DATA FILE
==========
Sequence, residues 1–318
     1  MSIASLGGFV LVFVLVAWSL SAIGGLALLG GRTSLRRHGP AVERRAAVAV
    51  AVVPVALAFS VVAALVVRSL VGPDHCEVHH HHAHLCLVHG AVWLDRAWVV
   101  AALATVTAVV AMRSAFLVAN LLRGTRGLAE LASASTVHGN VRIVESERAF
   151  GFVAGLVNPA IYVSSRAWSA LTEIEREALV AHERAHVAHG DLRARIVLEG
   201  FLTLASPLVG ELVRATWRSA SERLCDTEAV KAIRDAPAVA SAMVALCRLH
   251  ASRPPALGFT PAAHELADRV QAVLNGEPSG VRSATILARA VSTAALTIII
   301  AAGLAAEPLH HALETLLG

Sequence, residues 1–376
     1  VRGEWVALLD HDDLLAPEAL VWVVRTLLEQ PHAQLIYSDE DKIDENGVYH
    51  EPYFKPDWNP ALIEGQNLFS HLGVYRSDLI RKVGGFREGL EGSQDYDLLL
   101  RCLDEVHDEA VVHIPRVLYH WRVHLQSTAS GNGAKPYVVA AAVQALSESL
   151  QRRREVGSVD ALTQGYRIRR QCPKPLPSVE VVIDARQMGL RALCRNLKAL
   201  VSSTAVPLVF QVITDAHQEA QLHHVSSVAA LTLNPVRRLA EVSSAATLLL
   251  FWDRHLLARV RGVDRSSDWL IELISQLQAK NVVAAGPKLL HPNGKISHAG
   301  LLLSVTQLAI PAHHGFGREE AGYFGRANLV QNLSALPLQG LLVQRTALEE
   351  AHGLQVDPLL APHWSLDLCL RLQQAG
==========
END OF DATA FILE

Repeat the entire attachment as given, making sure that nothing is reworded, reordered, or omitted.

Sequence, residues 1–318
     1  MSIASLGGFV LVFVLVAWSL SAIGGLALLG GRTSLRRHGP AVERRAAVAV
    51  AVVPVALAFS VVAALVVRSL VGPDHCEVHH HHAHLCLVHG AVWLDRAWVV
   101  AALATVTAVV AMRSAFLVAN LLRGTRGLAE LASASTVHGN VRIVESERAF
   151  GFVAGLVNPA IYVSSRAWSA LTEIEREALV AHERAHVAHG DLRARIVLEG
   201  FLTLASPLVG ELVRATWRSA SERLCDTEAV KAIRDAPAVA SAMVALCRLH
   251  ASRPPALGFT PAAHELADRV QAVLNGEPSG VRSATILARA VSTAALTIII
   301  AAGLAAEPLH HALETLLG

Sequence, residues 1–376
     1  VRGEWVALLD HDDLLAPEAL VWVVRTLLEQ PHAQLIYSDE DKIDENGVYH
    51  EPYFKPDWNP ALIEGQNLFS HLGVYRSDLI RKVGGFREGL EGSQDYDLLL
   101  RCLDEVHDEA VVHIPRVLYH WRVHLQSTAS GNGAKPYVVA AAVQALSESL
   151  QRRREVGSVD ALTQGYRIRR QCPKPLPSVE VVIDARQMGL RALCRNLKAL
   201  VSSTAVPLVF QVITDAHQEA QLHHVSSVAA LTLNPVRRLA EVSSAATLLL
   251  FWDRHLLARV RGVDRSSDWL IELISQLQAK NVVAAGPKLL HPNGKISHAG
   301  LLLSVTQLAI PAHHGFGREE AGYFGRANLV QNLSALPLQG LLVQRTALEE
   351  AHGLQVDPLL APHWSLDLCL RLQQAG